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Although median income and poverty rates improved for Texas and the nation as a whole in 2019, according to American Community Survey data released by the U.S. Census Bureau this week, the data does not capture the hardships of 2020’s pandemic and economic recession.
COVID-19 has resulted in increased rates of unemployment, food insecurity, and housing insecurity for all Texans, with a disparate impact on Texans of color. Millions of Texans report not having enough to eat, being unable to pay rent or mortgages, and filing for unemployment insurance, per data from the Household Pulse Survey conducted by the U.S. Census Bureau since March. Food and housing hardships have hit Black and Latinx communities the hardest, especially since Black and Latinx people disproportionately work in industries facing job loss due to historical and current labor market discrimination. The impact of COVID-19 has highlighted embedded inequities in our system that make it difficult for all Texans to insulate themselves against shock equally. (See Texas Health Institute’s recent report for more context. )
Now more than ever is the time for the state to invest in, rather than cut, anti-poverty programs serving children and families. At the federal level, Congress must pass a robust relief package. As many as 12 to 16 million people avoided poverty thanks to the CARES Act, according to estimates from the Center on Budget and Policy Priorities, revealing how essential these investments are at the present moment. It is critical that any federal or state relief includes immigrants unjustly excluded from prior relief. (Read our policy roadmap for an equitable Texas, and stay tuned for more recommendations.)
Although much has changed since the 2019 American Community Survey (ACS) data was collected, it still serves as a useful marker for where Texans stood before the pandemic. ACS estimates are released annually and allow us to track how Texans fare in areas like income, poverty, education, and healthcare. The many types of data the U.S. Census Bureau collects are an invaluable source for helping us measure progress toward achieving a Texas where everyone is healthy, well-educated, and financially secure. (Did you know only a couple weeks remain to fill out the 2020 Census? Learn more here!)
Here are some of the highlights from the 2019 data:
The median household income in Texas in 2019 rose to $64,034, meaning that half of Texas households had income above this amount, and half had income below it. Factoring in inflation, median incomes significantly increased from 2018 ($61,355). However, not all Texans benefited equally from increases in income, as Texans of color were more likely to be low-income due to systemic racism resulting in unequal access to employment, housing, and educational opportunities.
The wage gap persisted for women among full time, year-round Texas workers, with the median male worker taking home over $10,300 more than the median female worker. That gap was even larger for households of color. White households had a median income of $78,905, as compared to only $47,428 for Black and $52,010 for Latinx households, with Asian households leading at $91,706 – showing that not all Texans are sharing equally in our state’s economic opportunities due to the inequitable impact of workforce policies.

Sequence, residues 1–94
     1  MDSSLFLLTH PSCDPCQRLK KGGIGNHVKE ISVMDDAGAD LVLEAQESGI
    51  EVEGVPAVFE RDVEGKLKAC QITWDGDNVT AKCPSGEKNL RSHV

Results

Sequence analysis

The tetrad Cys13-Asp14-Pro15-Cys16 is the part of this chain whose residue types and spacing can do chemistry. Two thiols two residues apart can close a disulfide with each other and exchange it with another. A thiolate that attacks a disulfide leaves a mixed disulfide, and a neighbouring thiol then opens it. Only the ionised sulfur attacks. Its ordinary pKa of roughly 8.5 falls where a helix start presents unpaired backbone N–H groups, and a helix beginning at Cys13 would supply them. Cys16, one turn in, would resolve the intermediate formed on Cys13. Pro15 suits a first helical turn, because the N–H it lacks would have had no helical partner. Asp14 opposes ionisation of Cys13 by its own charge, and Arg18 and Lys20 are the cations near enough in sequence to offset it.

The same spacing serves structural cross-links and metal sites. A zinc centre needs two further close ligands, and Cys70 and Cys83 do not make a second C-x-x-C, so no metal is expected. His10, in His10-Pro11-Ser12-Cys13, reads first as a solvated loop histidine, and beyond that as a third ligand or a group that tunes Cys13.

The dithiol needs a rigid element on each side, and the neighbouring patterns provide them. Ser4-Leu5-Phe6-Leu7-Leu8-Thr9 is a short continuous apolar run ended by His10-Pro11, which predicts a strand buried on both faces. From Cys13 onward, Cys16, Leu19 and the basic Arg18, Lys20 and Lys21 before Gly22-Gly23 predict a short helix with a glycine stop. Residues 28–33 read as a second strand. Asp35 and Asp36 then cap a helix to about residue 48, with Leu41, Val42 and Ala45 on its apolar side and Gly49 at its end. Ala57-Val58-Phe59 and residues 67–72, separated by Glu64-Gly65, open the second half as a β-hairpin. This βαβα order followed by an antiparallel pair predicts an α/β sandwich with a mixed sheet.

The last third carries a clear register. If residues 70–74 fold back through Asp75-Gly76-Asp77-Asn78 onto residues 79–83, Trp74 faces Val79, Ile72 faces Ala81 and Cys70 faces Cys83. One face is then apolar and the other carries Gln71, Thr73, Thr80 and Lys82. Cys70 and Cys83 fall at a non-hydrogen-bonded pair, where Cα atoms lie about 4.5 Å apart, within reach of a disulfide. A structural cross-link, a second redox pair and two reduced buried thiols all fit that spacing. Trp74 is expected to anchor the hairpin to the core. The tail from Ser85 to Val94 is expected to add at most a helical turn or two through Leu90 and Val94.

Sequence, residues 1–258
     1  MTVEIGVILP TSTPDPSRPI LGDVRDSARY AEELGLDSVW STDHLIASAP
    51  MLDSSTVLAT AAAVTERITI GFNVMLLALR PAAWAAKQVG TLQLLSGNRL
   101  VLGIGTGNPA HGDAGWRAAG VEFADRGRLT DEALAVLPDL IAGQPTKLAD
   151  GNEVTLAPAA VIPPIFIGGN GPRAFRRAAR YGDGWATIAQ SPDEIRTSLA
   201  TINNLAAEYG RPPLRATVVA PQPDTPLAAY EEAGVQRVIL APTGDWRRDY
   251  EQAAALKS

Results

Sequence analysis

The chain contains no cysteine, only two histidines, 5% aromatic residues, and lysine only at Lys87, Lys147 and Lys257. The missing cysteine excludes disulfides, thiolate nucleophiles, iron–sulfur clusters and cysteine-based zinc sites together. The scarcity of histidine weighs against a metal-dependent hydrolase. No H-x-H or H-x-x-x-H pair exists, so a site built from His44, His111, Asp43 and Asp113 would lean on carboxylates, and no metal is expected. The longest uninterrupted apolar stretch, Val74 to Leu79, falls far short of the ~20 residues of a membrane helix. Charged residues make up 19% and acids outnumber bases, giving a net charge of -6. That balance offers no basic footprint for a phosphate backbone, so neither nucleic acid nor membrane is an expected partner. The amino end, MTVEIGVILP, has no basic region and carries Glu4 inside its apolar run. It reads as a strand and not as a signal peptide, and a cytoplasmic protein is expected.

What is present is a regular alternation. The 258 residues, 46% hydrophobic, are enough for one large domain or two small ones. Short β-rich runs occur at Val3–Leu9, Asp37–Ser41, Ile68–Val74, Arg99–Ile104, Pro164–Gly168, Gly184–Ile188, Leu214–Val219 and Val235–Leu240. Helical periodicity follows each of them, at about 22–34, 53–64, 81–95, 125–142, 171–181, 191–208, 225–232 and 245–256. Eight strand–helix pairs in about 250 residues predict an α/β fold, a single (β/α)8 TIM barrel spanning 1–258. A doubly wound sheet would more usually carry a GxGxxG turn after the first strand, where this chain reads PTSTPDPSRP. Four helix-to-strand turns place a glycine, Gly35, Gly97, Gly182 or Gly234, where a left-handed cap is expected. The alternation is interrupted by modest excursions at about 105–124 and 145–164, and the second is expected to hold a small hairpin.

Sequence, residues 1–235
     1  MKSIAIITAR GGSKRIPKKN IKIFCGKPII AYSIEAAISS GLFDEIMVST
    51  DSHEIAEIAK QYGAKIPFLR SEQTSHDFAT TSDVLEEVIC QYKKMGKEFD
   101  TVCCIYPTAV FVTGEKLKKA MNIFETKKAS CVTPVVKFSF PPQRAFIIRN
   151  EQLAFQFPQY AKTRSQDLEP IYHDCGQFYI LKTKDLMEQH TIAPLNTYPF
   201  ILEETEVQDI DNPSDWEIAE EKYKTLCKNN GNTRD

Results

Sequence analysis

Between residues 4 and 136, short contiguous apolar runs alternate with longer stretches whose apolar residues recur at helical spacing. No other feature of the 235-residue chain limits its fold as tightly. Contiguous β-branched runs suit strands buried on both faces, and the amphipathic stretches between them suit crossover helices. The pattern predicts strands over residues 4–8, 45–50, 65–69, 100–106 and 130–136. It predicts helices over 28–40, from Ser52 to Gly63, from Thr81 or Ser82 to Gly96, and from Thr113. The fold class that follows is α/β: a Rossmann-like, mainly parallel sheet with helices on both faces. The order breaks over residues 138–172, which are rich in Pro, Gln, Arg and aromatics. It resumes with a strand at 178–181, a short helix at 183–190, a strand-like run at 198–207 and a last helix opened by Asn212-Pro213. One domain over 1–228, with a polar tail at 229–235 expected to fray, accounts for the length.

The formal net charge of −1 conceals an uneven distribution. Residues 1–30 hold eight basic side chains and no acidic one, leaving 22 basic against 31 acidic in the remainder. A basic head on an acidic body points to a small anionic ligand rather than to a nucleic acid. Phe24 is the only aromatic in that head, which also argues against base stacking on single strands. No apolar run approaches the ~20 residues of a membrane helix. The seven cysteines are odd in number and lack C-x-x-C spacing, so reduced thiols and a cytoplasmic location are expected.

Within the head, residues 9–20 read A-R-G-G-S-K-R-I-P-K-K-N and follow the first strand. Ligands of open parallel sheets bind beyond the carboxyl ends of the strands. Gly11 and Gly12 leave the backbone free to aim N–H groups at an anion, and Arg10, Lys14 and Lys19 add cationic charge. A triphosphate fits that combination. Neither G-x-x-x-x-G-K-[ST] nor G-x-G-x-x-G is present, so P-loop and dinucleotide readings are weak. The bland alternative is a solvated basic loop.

2019 Texas Median Household Income by Race and Ethnicity
Our state’s poverty rate improved in 2019, down to 13.6% compared to 14.9% in 2018. This was a significant decrease of roughly 316,000 fewer Texans experiencing poverty, even as the state population swelled from 28.1 million to 28.4 million.
Although the poverty rate improved overall, Black, American Indian, and Latinx Texans were still significantly more likely to experience poverty than white and Asian Texans. Our poverty rate remained higher than the national rate, with 3.9 million Texans living below the official poverty threshold for 2019 ($25,926 for a family of four).
2019 Texas Poverty Rates by Race and Ethnicity
In 2019, almost one in five Texas children regardless of racial identity experienced poverty — 18.9% or almost 1.4 million kids — and children of color were disproportionately more likely to experience poverty. Poverty rates for families in 2019 show that Latinx or Black children are three times more likely to live in families experiencing poverty in Texas than white or Asian children. Children growing up in poverty are more likely to face challenges like housing and food insecurity, which can affect their ability to learn in school. As the 2020 Household Pulse Survey data shows, the proportion of children experiencing hardship has only gotten worse.
Many Texas cities saw similar trends. For example, San Antonio saw its lowest poverty rate in recent history for 2019, but the gains are likely to be wiped away by the effects of the pandemic without proactive and equitable policy response.
Every Texan’s Research and Data Intern Tara Blagg contributed to this report. For more information or to schedule an interview with one of our experts, please contact Communications Director Oliver Bernstein at firstname.lastname@example.org.